Conduct disorder-related hospitalization and substance use disorders in American teens
Cannabis use was found to highly correlate with inpatients diagnosed with conduct disorder amongst teenagers. Although some cannabis use was self-reported by patients dealing with other psychiatric disorders, it was seen most significantly in those with conduct disorder (CD), suggesting a higher risk of comorbidity between CD and substance use disorders. Although cannabis use was the most common substance reported by patients it was closely followed by tobacco and alcohol use. The demographics of patients using cannabis varied although those suffering from CD and substance use disorder were primarily male and black. Further research should be conducted to develop efficient prevention strategies.
Looking into the substance use frequency and patterns of stigmatized or marginalized groups is not often done leaving many populations without specialized treatment or prevention programs. If members of the male black population are at a higher risk of developing substance use disorders then our prevention efforts should address that population first and foremost. People begin using substances for different reasons although some motivations are common among certain populations. By examining the underlying motivation for substance use frequency members of the healthcare community may be able to develop custom prevention or treatment methods by utilizing psychology or another science to drastically decrease the frequency of substance use disorders in all populations.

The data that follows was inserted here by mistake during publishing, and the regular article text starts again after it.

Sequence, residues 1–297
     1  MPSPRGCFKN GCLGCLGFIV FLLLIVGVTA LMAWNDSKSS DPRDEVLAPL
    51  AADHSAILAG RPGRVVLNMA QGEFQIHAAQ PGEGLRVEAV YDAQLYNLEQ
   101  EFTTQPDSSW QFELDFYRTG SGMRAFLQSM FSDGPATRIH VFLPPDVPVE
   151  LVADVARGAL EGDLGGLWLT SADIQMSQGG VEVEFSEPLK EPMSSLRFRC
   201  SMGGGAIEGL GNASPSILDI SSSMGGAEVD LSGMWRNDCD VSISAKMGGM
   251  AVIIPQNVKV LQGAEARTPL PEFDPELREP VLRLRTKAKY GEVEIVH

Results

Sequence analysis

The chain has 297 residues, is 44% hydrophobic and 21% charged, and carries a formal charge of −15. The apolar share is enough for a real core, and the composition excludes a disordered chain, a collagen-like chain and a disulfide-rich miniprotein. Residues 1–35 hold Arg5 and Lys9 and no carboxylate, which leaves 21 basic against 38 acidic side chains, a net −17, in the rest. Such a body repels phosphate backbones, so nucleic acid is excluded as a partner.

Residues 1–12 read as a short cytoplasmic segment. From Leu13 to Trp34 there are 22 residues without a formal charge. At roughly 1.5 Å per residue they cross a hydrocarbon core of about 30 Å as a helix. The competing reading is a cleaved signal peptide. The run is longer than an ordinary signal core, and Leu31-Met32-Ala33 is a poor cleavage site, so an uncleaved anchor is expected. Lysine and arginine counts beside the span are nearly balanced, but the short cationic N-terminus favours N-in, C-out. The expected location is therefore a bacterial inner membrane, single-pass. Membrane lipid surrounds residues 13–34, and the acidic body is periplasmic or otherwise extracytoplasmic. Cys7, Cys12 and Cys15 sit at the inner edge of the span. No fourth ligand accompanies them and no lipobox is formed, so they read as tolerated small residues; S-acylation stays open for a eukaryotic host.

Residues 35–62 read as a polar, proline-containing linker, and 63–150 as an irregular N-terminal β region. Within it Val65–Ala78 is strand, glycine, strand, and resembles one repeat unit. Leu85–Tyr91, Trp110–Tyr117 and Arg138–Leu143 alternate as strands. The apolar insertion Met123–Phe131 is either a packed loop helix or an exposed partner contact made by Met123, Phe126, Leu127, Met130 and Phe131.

The study is available for review or download here
View more studies like this in the CED Foundation Archive
To explore related information, click the keywords below: